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Album Review

"I'd like to be considered more of the tease," says Katy Perry. And on her last album, One of the Boys, she made great strides toward achieving that goal. With Teenage Dream, she's run right past it. "Let's go all the way tonight," she sings on the title track. "No regrets, just love/We can dance until we die."

Katheryn Elizabeth Hudson was born and raised in Santa Barbara, Calif., the middle child of two traveling-minister parents. By age 9 or so, "she began performing at the local farmers' market two days a week, collecting change," reported Rolling Stone writer Vaness Grigoriadis. "And [she] proved to be gifted at impromptu speechifying too: In an old video performance that she showed me, she grabs a mic to inform the crowd, smiling from ear to ear, that 'if you don't live your life for Christ—I'm just going to say it—life is pretty empty, and, well, there may be no reason to live at all.'"

By 13 Katy was pursuing a gospel-singing career in Nashville, and she landed a record deal with a CCM label a few years later. Now she's naked on her album cover and singing about "sun-kissed skin so hot it'll melt your popsicle" with Snoop Dogg.

" Somewhere along the way, full-on rebellion also crept in," wrote Plugged In's Adam R. Holz in 2008. " By the time Katy talked to Blender magazine in October 2004, any pretense of trying to live the good Christian life had evaporated."

"I still believe that Jesus is the Son of God," the singer told Rolling Stone. "But I also believe in extraterrestrials, and that there are people who are sent from God to be messengers, and all sorts of crazy stuff."

On her songs, though, what she believes in most is sexual experimentation. And in fact it was her same-sex attraction anthem "I Kissed a Girl" that cemented her pinup glam-girl status. But that was her last dream. This is her new one:

Positive Elements

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Sexual Content

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Pro-social Content

Katy wails out her encouragement that listeners shouldn't let doubts be limits, but rather use all their inner strength to explode like a "Firework." She appears to be saying that we must bear up under the (spiritual?) calling we're given and ask, "Who Am I Living For?" She sings, "So I pray for favor like Esther/I need Your strength to handle the pressure/I know there will be sacrifice/But that's the price/ … At the end/Who am I living for?")

"Pearl" tells a belittled and abused woman that she doesn't need to be crushed by a bad relationship. The album's closing piano ballad points out that love is "Not Like the Movies." It goes on to explain that even when a "fairy tale feeling" isn't there, a good relationship can make your world "stop spinning." While verbally obscene and utterly self-centered to boot, "Circle the Drain" still advertises the fact that drug addiction is a life-crushing dead end.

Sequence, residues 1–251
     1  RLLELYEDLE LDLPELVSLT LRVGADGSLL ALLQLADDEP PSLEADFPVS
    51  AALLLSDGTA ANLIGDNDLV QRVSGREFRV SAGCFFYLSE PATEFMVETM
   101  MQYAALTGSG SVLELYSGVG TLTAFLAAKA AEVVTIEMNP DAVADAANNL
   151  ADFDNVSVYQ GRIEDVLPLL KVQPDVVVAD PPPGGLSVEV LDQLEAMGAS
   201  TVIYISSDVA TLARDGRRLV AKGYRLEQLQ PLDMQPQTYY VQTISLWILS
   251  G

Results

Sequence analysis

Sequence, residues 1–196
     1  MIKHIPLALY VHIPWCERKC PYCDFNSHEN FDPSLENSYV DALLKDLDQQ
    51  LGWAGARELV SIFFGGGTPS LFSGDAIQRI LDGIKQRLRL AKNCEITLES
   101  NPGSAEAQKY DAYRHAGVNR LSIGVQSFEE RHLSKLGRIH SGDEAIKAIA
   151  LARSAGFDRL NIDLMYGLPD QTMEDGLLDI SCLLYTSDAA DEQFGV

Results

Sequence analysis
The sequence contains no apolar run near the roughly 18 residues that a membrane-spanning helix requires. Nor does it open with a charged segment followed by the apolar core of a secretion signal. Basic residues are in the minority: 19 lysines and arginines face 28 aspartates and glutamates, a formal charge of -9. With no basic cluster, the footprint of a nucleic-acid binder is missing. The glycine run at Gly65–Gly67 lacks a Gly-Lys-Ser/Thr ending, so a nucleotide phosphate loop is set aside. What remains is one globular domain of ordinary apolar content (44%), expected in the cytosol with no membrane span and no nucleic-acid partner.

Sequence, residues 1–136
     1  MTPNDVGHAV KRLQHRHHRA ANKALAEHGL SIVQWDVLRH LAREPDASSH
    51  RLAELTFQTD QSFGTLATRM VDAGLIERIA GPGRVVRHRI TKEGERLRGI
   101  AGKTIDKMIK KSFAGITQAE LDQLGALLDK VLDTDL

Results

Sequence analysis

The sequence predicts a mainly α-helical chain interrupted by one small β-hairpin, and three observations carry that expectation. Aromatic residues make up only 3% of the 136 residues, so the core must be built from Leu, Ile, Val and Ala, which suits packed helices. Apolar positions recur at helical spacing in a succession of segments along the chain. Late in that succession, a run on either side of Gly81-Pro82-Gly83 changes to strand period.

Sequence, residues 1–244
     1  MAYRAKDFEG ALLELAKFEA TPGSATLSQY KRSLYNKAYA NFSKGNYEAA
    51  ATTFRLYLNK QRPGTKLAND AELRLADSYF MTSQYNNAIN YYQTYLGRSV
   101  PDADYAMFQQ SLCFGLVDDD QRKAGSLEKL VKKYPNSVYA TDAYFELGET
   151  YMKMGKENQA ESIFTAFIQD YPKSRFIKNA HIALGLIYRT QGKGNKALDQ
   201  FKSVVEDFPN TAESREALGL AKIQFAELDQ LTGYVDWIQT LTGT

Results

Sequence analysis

Objectionable Content

"We drove to Cali/And got drunk on the beach/Got a motel and/Built a fort out of sheets," goes the title track. Why does Katy think they should "go all the way tonight"? Because, well, he thinks she's funny and finds her pretty without makeup. Similarly, "Last Friday Night [T.G.I.F.]" takes a night of drinking, skinny-dipping and threesomes to its morning-after conclusion. " California Gurls" then moves the clothes-shedding action to the beach with "Daisy dukes/Bikinis on top/ … Sippin' gin and juice/Laying underneath the palm trees/The boys break their necks/Tryin' to creep a little peek." And a cheerleader-rock beat drives Katy's craving to see her boyfriend's "Peacock-c‑‑k-c‑‑k." She offers far more than enough explicit detail to rule out any sort of exotic bird he might have in the backyard. And it's not the only song on which she ogles the male anatomy.

"E.T." gushes over a lover's otherworldly sexual prowess. "Hummingbird Heartbeat" evokes creative poetry to explore intercourse and oral sex with a man who makes her "feel like I'm losing my virginity the first time every time."

The f-word-laced "Circle the Drain" grinds a stiletto heel into a former, drug-addicted partner. "Wanna be your lover/Not your f‑‑‑ing mother/Can't be your savior/I don't have the power/ … I'm not sticking around to watch you go down." And Katy reminisces about another past love on "The One That Got Away." Some of her thoughts are positive but her memories aren't ("We got matching tattoos/Used to steal your parents' liquor and climb to the roof").

Teenage Dream's album cover (which we only show a small, censored portion of) features a naked Katy adrift in cotton candy clouds. Liner notes photos continue the theme of a pinup-girl-dressed-in-candy.

Summary Advisory

"Transcendental" hookups mingle with "popsicle"-melting beach ogles, alcohol-blurred group sex sessions and drop-trou come-ons in Katy Perry's sensationally sexual dreamscape.

But does this former CCM singer really mean all that sleazy stuff she's singing about?

"After 'I Kissed a Girl,' I knew it would take time to not look like a one-trick pony," Katy told USA Today. "This album is a perfect snapshot of where I am mentally and emotionally."

Plot Summary

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Episode Reviews

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